• When there's a navigation choke-point restricting certain countries from accessing an ocean,

  • it's convention to declare that waterway an international waterway.

  • For example, the Danish Straitsfully surrounded by Denmarkare an international waterway

  • in order to give the Baltic and Scandinavian countries ocean access; the Turkish straits,

  • fully surrounded by Turkey, are international waterways to give the black sea countries

  • ocean access; and the Danube River is an international waterway to give landlocked Austria, Hungary,

  • Moldova, Serbia, and Slovakia ocean access.

  • When a waterway is declared an international waterway no country can restrict access or

  • charge dues to passing boats except during a time of war.

  • Canada considers the waterways comprising the northwest passage in their archipelago

  • as their own waters.

  • In the past nobody challenged this since there was no reason anyone would cross through these

  • frozen waters.

  • With its promise to cut shipping routes by thousands of miles, the northwest passage

  • will almost certainly become an important shipping route so that's why countries like

  • the US firmly believe that the northwest passage should be and already is an international

  • waterway.

  • One of the tensest moments in history between the US and Canada was when, in 1985, a US

  • Coast Guard Icebreaker travelled through the northwest passage without prior permission

  • from Canada.

  • In Canada's mind, this was a military invasion of their sovereign territorydebatably an

  • act of war.

  • Canada argues that the northwest passage is not an international waterway because it has

  • failed to meet an important criteriausefulness.

  • Of course the northwest passage is useful on paperit shortens the route between the

  • oceansbut Canada has pointed out that in previous cases determining whether a waterway

  • is international, what proves a route's usefulness is if a significant number of ships

  • have already successfully transited it.

  • In the northwest passage's case, the number of successful commercial journeys is in the

  • double digits.

  • There's also merit to Canada's argument that the passage should be their sovereign

  • waters.

  • Currently, Canada has almost no search-and-rescue capabilities in their archipelago.

  • Since there's almost no traffic yet, there's no real reason to spend the money to put ships

  • and aircraft up there.

  • Most previous journeys have been highly coordinated and often escorted by the Canadian Coast Guard.

  • If a ship just went through with no prior coordination nowadays and sank, however, there

  • would be almost no chance of rescue for the victims.

  • If in a few summers hundreds of ships transit the passage, Canada would have an obligation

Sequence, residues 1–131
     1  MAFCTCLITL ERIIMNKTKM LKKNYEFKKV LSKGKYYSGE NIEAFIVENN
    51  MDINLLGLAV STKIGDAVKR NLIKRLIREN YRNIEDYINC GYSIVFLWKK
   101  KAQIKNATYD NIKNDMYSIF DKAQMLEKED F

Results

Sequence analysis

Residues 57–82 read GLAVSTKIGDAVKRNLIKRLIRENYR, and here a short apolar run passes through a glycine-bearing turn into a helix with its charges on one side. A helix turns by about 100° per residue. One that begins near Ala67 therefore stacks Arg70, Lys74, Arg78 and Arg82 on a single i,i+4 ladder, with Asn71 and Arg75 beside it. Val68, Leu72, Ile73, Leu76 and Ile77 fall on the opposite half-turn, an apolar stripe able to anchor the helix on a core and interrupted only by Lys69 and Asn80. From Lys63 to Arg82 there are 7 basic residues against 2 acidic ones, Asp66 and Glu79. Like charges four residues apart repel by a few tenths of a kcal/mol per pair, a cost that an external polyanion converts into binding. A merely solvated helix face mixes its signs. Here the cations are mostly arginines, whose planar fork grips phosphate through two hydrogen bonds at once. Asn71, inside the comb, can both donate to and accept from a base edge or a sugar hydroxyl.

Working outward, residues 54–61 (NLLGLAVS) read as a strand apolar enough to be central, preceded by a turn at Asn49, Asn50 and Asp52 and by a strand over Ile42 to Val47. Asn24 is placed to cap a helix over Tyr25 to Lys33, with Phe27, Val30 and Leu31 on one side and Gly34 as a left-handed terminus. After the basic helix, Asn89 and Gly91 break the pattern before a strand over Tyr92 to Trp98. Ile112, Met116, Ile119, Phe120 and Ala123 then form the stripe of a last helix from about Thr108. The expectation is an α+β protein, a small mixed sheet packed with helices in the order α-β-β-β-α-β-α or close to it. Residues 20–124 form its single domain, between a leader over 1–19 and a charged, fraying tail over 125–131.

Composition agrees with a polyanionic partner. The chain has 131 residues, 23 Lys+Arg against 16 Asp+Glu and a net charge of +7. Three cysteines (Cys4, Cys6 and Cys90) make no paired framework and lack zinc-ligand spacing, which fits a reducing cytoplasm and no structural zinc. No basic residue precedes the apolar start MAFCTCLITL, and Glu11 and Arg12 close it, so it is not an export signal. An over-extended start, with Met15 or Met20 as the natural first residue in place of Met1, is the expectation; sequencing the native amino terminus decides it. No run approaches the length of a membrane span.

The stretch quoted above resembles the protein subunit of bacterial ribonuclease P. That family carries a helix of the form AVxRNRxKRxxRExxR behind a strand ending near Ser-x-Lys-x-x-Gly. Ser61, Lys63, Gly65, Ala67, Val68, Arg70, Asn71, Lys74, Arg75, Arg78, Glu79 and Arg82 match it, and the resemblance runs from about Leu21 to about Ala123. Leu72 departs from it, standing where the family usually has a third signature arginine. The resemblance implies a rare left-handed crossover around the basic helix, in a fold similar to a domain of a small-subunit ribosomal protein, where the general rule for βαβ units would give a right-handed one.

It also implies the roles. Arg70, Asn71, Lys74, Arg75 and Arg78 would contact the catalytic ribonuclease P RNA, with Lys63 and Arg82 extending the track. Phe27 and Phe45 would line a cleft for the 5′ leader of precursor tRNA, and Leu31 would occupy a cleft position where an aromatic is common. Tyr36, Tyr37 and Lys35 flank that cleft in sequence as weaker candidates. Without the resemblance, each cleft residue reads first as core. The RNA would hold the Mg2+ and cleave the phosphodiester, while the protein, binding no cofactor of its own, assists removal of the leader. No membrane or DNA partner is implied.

• to put resources in the northern provinces for the safety of both the country and sailors

  • and that takes money.

  • If treated as an internal waterway, Canada could charge passage fees just as there are

  • for the Panama or Suez Canalthe other major shipping shortcuts of the world.

  • These could fund the infrastructure needed to safety regulate and police the route.

  • But on the other hand, should one country have the capability to chose who can get from

  • the Pacific to Atlantic faster?

  • Letting, for example, Vietnamese ships through the route but banning Chinese ships would

  • make the Chinese goods uncompetitive for the Western European and Eastern American market.

  • Canada would have the capability to choose which economies can succeed and which will

  • fail.

  • There's a reason the issue's so contentious.

  • Scientists disagree on the exact date, but there's a general consensus that by the

  • year 2050 there will be a summer when there is no ice in the Arctic.

  • This will have enormous and irreversible consequences on our globe, but it could further revolutionize

  • how we get our goods.

  • An ice-free arctic will open up the greatest shipping short-cut in the worldthe Arctic

  • Ocean.

  • Ships traveling between Japan and western Europe, for example, instead of heading south,

  • across the Indian Ocean, through the Suez Canal, and across the Mediterranean sea, will

  • be able to head north through the bering strait, directly across the arctic ocean, and down

  • between Greenland and Norway to Europe.

  • That's a 7,000 mile route compared to the 13,000 mile route of today.

  • That has the potential to slash shipping prices in half.

  • That means cheaper products across the entire world.

  • But at what cost.

  • Every degree of climate warming in the US alone is expected to cause $144 billion dollars

  • per year of economic loss.

  • If the US climate warms by 12 degrees, which the EPA says is possible by 2100, the US can

  • expect to lose more than $1.7 trillion per yearthat's more than a full percent of

  • its GDP.

  • On top of that, by 2050, climate change is expected to cause more than 250,000 deaths

  • per year.

  • Surely that can't be worth it for some cheaper goods.

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B1 US passage northwest canada route arctic shipping

Canada's New Shipping Shortcut

  • 1 0
    joey joey posted on 2021/06/10